Oct 16 2010
You could call it the battle of Islamic search engines. First, there was Imhalal.com, now there’s Taqwa.me, the “conscience engine” eyeing a Muslim audience and all those looking for a safe browsing experience on the Web.
Imhalal completed a year of existence last month. Taqwa has been online for just four months and was officially launched two months ago.
Reza Sardeha’s Imhalal may have had a head start in the quest for online eyeballs in this segment, but the founders of the younger Taqwa, Kerim Nu’man, Sourabh Behra and Catalin Vasili La’zar, believe their online product has what it takes to stay in contention for a slice of this pie.
“We really want to give Muslim users a more culturally and religious sensitive search and browsing experience,” says La’zar, the chief operating officer of the search firm based in the US and Australia. The “what” of results is important to Taqwa, which wants to move beyond, to the ‘how’ of searching and browsing.
“It brings a more relevant and richer search experience to Muslim users, it’s about the needs and preferences of the user in the end,” La’zar explained. So, how different is Taqwa from Imhalal? La’zar says the site uses crowd sourcing for the halal (clean) and haram (forbidden) rating system.
“With the exception of a fairly short list of terms, we allow the user to self censor their own results.”
It’s about the power of choice. La’zar also claims the site offers a rich-media experience and user interaction that is not found in this segment. Despite being under Google’s large and secular shadow, La’zar is confident speciality search engines are here to stay as long as site owners can add value to the experience.
“About 70 per cent of users use more than one search engine with regularity so we believe it’s achievable, I’m not saying it’s going to be easy but it can be done.”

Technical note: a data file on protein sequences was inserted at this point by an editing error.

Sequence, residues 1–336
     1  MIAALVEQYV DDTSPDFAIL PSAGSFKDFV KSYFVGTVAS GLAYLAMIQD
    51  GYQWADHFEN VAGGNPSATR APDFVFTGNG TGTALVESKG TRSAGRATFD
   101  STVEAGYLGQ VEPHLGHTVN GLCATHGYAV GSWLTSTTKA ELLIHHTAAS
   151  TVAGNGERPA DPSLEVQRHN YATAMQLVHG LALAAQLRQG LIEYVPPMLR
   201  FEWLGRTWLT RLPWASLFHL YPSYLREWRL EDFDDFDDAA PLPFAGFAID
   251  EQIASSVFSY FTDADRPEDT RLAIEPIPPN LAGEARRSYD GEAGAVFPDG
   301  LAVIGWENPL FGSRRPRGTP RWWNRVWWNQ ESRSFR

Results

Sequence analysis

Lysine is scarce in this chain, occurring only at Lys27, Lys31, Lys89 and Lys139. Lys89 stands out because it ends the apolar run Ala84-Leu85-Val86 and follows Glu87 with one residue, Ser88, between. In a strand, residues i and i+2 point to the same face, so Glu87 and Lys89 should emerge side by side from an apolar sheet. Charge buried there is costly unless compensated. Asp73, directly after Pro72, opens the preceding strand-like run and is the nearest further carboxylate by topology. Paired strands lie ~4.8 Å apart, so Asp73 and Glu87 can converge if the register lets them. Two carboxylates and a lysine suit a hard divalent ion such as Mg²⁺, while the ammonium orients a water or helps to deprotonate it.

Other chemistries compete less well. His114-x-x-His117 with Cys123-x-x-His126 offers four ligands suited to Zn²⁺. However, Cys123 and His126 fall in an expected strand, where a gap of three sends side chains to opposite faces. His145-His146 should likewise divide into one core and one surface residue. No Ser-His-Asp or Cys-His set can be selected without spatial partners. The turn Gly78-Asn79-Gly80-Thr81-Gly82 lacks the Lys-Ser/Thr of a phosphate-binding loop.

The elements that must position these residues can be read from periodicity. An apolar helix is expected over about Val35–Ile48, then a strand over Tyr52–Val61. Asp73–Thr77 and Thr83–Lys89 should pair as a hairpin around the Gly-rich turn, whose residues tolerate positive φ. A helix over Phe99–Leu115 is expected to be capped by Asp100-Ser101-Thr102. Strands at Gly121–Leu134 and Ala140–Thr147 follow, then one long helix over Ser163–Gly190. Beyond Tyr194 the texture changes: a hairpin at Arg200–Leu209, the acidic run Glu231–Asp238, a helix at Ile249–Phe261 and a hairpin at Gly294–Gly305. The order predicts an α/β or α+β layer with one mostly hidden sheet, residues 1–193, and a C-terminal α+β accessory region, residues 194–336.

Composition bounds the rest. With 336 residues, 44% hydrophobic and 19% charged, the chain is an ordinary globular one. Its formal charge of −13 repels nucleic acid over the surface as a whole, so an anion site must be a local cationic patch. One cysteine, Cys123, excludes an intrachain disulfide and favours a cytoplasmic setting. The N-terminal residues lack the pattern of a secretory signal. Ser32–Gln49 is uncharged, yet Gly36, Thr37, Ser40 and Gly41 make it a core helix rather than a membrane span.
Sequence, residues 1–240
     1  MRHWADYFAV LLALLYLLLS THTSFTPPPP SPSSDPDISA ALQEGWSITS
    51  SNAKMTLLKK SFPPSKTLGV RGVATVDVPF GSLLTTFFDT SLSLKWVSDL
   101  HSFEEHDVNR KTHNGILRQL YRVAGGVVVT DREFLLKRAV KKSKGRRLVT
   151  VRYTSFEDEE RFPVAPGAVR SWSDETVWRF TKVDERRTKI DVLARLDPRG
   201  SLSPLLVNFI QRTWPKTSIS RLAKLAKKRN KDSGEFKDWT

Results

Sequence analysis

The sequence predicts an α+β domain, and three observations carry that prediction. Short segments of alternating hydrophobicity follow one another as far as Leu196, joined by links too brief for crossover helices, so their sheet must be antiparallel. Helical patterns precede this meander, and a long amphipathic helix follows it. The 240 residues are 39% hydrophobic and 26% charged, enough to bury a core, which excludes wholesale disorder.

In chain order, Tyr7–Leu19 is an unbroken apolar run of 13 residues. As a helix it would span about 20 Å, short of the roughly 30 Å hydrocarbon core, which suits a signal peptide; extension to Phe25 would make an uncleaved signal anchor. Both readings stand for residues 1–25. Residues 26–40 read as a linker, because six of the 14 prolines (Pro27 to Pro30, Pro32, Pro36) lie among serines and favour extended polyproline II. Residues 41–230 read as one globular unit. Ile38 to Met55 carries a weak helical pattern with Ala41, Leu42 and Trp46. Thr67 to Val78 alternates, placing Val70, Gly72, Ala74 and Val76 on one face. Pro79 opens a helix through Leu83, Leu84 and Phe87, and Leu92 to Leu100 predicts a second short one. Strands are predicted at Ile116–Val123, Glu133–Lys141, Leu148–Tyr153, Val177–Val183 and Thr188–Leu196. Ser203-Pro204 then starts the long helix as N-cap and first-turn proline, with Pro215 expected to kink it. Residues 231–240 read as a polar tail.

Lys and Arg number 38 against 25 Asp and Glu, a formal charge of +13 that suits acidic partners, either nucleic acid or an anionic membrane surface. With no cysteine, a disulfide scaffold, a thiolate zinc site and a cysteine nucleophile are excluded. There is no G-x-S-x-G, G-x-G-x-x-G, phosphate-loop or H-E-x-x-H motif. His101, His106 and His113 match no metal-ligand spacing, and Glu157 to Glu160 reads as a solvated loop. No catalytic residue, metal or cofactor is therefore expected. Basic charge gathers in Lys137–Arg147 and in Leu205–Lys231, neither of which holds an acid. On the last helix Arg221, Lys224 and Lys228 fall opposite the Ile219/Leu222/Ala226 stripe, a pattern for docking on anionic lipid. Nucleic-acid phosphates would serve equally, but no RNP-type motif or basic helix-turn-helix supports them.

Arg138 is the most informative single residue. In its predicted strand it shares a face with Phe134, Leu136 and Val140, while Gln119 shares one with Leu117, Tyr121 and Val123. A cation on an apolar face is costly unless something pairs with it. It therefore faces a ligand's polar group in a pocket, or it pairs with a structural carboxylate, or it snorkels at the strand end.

Like Imhalal, Taqwa has Dubai in sights as it charts out expansion plans. Indonesia is another location for a future HQ. “That will depend on but not limited to, which market has the greatest growth, available talent pool and proximity to partners,” La’zar said. The numbers are small on Taqwa, with only between 5,000 to 7,500 searches daily, while competitor Imhalal claims to serve around 300,000. That’s a huge difference as this start-up plays search and catch-up. The owners are, however, upbeat about the engine attracting 1,000,000 daily users in 12 months.
Revenues are expected to come from advertising with the site pursuing deals with larger portals and partners. La’zar is not willing to go into details, but is “happy to collaborate with any portal that like our product and wish to work with us.”
On the issue of segmenting search based on religion, La’zar denies there is a moral dilemma. The World Wide Web is building its own walls whether people acknowledge them or not, according to La’zar. “Taqwa.me is not trying to build more walls, our goal is rather make those walls a little more transparent. We say, ‘you know this is what’s on the other side, it’s your choice, go there or not.’”
Last month, Imhalal CEO Sardehah echoed similar views, saying search is culture driven. Islamic search engines like these can be partners for clean surfing on the Internet.
The rest, as they say, is business. May the best search win.